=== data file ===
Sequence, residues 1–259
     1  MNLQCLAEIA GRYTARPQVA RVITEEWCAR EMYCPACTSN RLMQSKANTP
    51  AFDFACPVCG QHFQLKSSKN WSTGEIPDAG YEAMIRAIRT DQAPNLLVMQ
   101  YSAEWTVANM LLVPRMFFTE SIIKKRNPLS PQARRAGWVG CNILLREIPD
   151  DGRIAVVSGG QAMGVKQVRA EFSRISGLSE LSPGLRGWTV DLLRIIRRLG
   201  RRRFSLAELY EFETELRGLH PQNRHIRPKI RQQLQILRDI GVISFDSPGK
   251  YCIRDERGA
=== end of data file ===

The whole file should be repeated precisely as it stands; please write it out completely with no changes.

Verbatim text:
Sequence, residues 1–259
     1  MNLQCLAEIA GRYTARPQVA RVITEEWCAR EMYCPACTSN RLMQSKANTP
    51  AFDFACPVCG QHFQLKSSKN WSTGEIPDAG YEAMIRAIRT DQAPNLLVMQ
   101  YSAEWTVANM LLVPRMFFTE SIIKKRNPLS PQARRAGWVG CNILLREIPD
   151  DGRIAVVSGG QAMGVKQVRA EFSRISGLSE LSPGLRGWTV DLLRIIRRLG
   201  RRRFSLAELY EFETELRGLH PQNRHIRPKI RQQLQILRDI GVISFDSPGK
   251  YCIRDERGA